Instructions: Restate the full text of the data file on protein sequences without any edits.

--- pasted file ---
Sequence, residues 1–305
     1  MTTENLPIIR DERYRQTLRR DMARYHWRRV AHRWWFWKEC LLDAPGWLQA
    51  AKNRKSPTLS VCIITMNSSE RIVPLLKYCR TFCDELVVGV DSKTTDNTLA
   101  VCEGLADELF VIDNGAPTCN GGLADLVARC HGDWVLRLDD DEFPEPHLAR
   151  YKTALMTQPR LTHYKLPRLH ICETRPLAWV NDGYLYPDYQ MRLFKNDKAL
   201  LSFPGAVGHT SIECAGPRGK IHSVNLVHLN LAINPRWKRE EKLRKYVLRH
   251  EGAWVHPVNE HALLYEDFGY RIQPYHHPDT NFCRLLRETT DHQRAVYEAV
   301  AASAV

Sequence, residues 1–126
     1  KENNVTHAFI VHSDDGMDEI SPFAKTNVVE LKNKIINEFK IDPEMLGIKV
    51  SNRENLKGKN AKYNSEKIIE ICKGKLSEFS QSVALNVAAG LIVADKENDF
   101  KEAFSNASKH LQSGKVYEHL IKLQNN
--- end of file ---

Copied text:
Sequence, residues 1–305
     1  MTTENLPIIR DERYRQTLRR DMARYHWRRV AHRWWFWKEC LLDAPGWLQA
    51  AKNRKSPTLS VCIITMNSSE RIVPLLKYCR TFCDELVVGV DSKTTDNTLA
   101  VCEGLADELF VIDNGAPTCN GGLADLVARC HGDWVLRLDD DEFPEPHLAR
   151  YKTALMTQPR LTHYKLPRLH ICETRPLAWV NDGYLYPDYQ MRLFKNDKAL
   201  LSFPGAVGHT SIECAGPRGK IHSVNLVHLN LAINPRWKRE EKLRKYVLRH
   251  EGAWVHPVNE HALLYEDFGY RIQPYHHPDT NFCRLLRETT DHQRAVYEAV
   301  AASAV

Sequence, residues 1–126
     1  KENNVTHAFI VHSDDGMDEI SPFAKTNVVE LKNKIINEFK IDPEMLGIKV
    51  SNRENLKGKN AKYNSEKIIE ICKGKLSEFS QSVALNVAAG LIVADKENDF
   101  KEAFSNASKH LQSGKVYEHL IKLQNN